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Éire-Ireland 42.3&4 (2007) 60-103

Captain Rock:
Ideology and Organization in the Irish Agrarian Rebellion of 1821–24
James S. Donnelly, Jr.

There are numerous reasons why the Irish agrarian rebellion of 1821–24 known as the Rockite movement (after its mythical leader "Captain Rock") is deserving of close study.1 It involved a sustained outburst of agrarian violence greater than any that had previously occurred. This is no small claim, for there had already been a long line of organized and widespread rural protests stretching back to the first "Whiteboy" movement of the early 1760s—a movement that gave rise to common use of the term "Whiteboyism" to denote the seemingly endless succession of agrarian disturbances for which Ireland became notorious in the late eighteenth and early nineteenth centuries.2 It was once fashionable to insist that Whiteboyism was a phenomenon [End Page 60] that could be explained more or less exclusively in economic terms. But research carried out since the early 1980s on prefamine agrarian and popular political movements has clearly established that at certain important junctures, including the revolutionary 1790s and the period of the Rockite movement, millenarian and sectarian currents flowed strongly into Irish protest and revolt.3

There was once a tendency in writing about Irish agrarian rebellion to see the different outbreaks of protest and violence as arising mainly from local grievances and as led by local leaders whose authority was confined to narrowly circumscribed areas. Still one of the best-known writers on Whiteboyism in the early nineteenth century is Sir George Cornewall Lewis, whose book entitled On Local Disturbances in Ireland was published in 1836.4 Lewis embraced the concept of Whiteboyism as a type of agrarian trade unionism, but one that lacked any recognizable national or even regional organization. Instead, Lewis preferred to portray the phenomenon as involving a multiplicity of local bodies with complaints or grievances that were held in common in many different places.5 Some professional [End Page 61] historians have been inclined to view Irish agrarian secret societies of the late eighteenth and early nineteenth centuries as primarily local in nature, or they have asserted that other historians have exaggerated the degree to which meaningful supralocal cohesion prevailed among the agrarian rebels.6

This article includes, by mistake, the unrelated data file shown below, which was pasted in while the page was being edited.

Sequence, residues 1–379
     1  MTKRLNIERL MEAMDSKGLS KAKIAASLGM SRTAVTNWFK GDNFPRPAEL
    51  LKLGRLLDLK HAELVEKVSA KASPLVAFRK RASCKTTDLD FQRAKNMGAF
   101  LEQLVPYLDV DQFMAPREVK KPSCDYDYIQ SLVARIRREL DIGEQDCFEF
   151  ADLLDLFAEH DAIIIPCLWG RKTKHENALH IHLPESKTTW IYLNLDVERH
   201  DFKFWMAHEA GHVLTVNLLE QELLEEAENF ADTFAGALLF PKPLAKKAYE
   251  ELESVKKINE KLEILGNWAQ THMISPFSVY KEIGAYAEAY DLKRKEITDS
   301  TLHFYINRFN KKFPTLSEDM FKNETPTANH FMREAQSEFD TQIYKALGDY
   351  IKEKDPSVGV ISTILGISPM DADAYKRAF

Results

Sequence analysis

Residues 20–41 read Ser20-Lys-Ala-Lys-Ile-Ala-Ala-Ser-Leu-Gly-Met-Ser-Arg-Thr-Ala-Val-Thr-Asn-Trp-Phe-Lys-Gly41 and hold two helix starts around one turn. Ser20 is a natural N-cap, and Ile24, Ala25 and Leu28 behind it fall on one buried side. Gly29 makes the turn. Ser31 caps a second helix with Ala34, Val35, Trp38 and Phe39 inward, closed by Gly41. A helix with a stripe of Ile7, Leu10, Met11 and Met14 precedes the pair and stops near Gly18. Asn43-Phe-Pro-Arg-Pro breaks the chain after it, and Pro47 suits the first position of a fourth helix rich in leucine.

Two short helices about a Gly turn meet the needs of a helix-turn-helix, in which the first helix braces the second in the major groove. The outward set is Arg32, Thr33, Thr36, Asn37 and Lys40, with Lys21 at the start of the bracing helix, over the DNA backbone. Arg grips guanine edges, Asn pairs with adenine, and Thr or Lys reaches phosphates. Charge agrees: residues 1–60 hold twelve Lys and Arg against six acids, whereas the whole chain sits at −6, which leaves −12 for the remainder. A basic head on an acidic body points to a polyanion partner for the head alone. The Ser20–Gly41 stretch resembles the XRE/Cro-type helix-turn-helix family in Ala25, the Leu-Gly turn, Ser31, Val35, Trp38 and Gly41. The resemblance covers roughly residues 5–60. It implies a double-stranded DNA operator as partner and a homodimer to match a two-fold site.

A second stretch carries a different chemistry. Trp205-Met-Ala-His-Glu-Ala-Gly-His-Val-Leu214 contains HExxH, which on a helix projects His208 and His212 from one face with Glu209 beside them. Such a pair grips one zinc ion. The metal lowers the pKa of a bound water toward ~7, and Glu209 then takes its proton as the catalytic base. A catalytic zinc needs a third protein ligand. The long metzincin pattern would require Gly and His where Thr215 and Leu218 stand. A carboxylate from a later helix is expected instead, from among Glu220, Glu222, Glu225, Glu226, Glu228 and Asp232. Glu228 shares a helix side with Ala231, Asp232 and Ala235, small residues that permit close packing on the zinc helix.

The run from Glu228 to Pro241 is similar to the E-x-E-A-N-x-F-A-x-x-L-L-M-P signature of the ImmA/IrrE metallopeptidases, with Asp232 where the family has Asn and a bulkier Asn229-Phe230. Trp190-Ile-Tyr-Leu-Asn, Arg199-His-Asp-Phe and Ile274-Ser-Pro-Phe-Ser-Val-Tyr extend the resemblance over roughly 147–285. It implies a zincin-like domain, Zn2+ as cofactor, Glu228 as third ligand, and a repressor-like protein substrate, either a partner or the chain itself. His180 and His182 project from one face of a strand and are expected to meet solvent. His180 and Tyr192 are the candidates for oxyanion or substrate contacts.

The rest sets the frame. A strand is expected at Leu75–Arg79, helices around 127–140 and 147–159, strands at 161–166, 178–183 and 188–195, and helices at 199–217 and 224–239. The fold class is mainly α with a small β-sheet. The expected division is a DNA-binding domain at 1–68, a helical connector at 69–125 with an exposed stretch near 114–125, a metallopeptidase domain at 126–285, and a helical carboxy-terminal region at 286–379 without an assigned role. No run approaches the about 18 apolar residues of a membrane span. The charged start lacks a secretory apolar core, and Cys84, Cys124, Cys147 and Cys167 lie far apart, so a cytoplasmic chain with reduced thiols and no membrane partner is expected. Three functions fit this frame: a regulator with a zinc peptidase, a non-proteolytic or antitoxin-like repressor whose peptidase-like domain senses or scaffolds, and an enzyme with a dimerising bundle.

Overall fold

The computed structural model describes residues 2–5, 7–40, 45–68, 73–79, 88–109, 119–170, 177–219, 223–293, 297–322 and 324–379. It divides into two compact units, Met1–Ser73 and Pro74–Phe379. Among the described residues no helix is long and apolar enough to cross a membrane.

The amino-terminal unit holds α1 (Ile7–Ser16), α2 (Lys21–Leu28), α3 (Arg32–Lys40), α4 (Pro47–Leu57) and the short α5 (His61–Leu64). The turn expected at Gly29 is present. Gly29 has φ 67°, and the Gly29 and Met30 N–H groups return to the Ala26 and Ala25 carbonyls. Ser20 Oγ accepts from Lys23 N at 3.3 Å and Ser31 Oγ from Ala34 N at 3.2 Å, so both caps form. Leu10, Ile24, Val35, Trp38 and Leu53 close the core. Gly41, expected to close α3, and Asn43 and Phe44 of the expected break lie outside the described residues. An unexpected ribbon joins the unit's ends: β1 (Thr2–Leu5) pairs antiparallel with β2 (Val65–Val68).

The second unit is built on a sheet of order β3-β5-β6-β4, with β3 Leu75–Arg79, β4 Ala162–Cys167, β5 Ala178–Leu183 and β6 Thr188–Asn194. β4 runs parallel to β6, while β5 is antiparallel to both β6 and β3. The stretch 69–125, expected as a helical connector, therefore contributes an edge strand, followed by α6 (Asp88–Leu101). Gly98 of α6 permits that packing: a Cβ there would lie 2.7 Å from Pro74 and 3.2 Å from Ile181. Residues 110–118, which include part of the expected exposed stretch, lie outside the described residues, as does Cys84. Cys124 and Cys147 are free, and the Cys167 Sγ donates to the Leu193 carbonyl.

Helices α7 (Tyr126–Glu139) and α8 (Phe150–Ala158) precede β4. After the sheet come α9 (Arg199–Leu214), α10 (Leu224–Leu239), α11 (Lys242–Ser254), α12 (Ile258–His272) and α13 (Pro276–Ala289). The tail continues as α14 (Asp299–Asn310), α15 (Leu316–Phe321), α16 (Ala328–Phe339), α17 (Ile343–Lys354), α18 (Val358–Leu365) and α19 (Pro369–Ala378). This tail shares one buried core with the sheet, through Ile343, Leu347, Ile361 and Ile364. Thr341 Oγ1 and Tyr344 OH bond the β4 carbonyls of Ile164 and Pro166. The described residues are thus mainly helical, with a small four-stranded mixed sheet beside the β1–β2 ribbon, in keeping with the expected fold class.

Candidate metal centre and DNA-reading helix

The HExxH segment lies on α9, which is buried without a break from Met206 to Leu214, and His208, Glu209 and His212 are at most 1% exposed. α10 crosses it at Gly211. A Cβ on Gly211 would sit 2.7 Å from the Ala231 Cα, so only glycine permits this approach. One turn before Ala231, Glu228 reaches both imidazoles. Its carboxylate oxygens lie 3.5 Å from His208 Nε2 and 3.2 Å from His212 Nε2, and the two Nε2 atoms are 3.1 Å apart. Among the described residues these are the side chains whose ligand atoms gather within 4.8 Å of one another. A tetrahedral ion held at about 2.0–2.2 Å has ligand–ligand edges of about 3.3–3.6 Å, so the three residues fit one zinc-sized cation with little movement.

This article takes strong issue with the localist interpretation and argues instead that the Rockites, like quite a number of their predecessors and successors, constituted a regional agrarian revolt that exhibited many supralocal features. The spread of the Rockite movement from its origins on Viscount Courtenay's estate around Newcastle West to other portions of west Limerick and to neighboring counties was the result of deliberate and carefully orchestrated activity designed to extend the sway of Captain Rock and his "laws" or "regulations" over a very wide geographical area. The insurrectionary phase of the movement at the end of 1821 and the very beginning of 1822 displayed a considerable degree of organization, even if the thousands of rebels who turned out in northwest Cork were not formidable militarily. The debilitating impact of the near-famine in the spring and summer of 1822 was in its own way a testament to the character of the movement: the subsistence crisis effectively shut down the campaign everywhere in the south, but once this crisis had passed, the movement resurrected itself and remained vital over much of Munster and in County Kilkenny until at least the early months of 1824. In this later period, too, the Rockites frequently manifested supralocal organization in the conduct of their operations. Admittedly, most Rockite actions (especially if all types are taken into account) involved small parties of a dozen or fewer activists, but there were a considerable number of major rebel enterprises before and after the spring and summer of 1822 in which [End Page 62] scores or even hundreds of Rockites were engaged. (The Rockites were most active in the two counties of Limerick and Cork, but they also made a deep impact on portions of Kerry, Clare, Tipperary, Waterford...


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